Glendell Henderson doesn’t want you to be worried, just prepared.
Henderson and Rick Jones own Before and After Protection Services, which inventories property in homes and businesses against the possibility of fire, theft or other loss.
“We pride ourselves on preparing the community for the worst,” Henderson said. “When those types of incidents hit, we just want people to be able to be less stressful because this part is already taken care of.”
The company records the models, serial numbers and other information for valuable possessions, and it also takes photographs of items. It leaves the owners with a record and also stores the information itself for one year as part of the basic services package. After that there is a $25 annual fee for storing the information.
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Henderson, a former police officer, said he got the idea for the business after responding to numerous burglaries in which “nobody would have this information. I could probably recall one person having this information.”
In fact, Henderson said, he had undocumented valuables stolen in a burglary himself once.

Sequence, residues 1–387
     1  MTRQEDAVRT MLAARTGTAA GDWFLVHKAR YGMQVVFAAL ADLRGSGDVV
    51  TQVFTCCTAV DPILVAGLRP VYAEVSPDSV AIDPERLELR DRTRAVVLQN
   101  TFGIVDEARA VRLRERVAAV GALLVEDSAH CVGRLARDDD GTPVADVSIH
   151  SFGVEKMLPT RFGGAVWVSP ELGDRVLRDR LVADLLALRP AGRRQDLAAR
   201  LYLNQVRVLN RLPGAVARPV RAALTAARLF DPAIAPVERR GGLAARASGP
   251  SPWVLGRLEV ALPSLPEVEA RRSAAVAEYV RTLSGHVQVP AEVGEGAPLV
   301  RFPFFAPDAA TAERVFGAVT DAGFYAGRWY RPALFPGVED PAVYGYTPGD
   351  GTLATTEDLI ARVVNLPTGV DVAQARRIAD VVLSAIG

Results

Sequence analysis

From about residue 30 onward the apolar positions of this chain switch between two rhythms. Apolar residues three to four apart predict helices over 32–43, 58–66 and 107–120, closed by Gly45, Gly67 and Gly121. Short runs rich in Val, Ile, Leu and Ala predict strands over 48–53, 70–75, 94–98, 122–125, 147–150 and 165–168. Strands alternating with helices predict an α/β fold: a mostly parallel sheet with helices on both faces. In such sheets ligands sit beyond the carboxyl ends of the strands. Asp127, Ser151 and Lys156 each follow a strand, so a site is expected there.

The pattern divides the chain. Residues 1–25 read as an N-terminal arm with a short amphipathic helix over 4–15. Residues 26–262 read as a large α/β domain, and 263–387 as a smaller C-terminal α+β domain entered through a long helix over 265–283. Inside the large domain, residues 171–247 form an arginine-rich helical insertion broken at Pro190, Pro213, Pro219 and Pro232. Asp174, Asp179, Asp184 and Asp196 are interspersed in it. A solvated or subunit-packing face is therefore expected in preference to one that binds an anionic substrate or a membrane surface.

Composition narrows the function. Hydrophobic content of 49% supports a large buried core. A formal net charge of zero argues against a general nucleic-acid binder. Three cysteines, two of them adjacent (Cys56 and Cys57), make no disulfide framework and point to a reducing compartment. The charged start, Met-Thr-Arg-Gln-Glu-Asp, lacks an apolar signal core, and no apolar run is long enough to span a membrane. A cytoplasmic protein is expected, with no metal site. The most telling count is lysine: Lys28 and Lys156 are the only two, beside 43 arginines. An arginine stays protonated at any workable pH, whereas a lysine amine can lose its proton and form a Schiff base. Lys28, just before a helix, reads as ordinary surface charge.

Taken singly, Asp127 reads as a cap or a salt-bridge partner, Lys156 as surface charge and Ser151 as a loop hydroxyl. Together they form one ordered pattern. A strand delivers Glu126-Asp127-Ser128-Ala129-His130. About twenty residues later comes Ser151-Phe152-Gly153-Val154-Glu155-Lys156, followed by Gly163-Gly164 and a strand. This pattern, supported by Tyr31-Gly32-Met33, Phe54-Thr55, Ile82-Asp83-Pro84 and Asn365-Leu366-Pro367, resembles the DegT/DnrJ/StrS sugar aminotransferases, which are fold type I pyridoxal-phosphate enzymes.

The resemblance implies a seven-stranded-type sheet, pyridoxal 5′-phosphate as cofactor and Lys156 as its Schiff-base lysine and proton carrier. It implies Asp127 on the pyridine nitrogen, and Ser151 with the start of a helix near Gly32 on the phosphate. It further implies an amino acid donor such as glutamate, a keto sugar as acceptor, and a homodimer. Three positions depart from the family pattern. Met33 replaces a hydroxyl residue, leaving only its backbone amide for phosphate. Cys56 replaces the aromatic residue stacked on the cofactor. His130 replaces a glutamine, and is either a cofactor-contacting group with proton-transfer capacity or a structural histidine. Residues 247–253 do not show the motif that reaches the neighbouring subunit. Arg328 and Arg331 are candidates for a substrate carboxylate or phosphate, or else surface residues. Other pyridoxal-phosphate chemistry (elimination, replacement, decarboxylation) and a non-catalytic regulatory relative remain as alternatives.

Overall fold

“I said I will never be unprepared again.”
Providing detailed information to police increases the chance of stolen items being recovered and returned to the owner. In cases in which items are not found or are destroyed in a fire or other disaster, documenting the information makes it easier to recoup full payment from insurance companies.
Henderson said it’s especially important to have detailed descriptions of antiques, coin collections and other objects that tend to increase in value.
“If they don’t have the proper documentation,” he said, “the insurance company is just going to say ‘replacement value,’ which is generic.”
The company offers three packages: $85 for an inventory of 20 items; $145 for 30 items and a CD of photos of each room; and $190 for an inventory of 40 items and a USB with all of the information on it.
To avoid losing the information in its own fire or disaster, Before and After stores the information on a computer and external hard drive, and plans to start using Rackspace, a cloud computing service, soon.
Henderson and Jones incorporated the business last year and began operations in January. Clients have included a church, country club, computer services business and numerous homes.
So far, none of the customers has needed to use the information. However, one business owner whom Henderson approached wishes he had.
“He said, ‘I’ll get it done, I’ll get it done.’ He never got it done,” Henderson said. “Maybe two months later, he got broken into. The next day he called me and said, ‘I knew the process was important, I just didn’t know how important it was.’ ”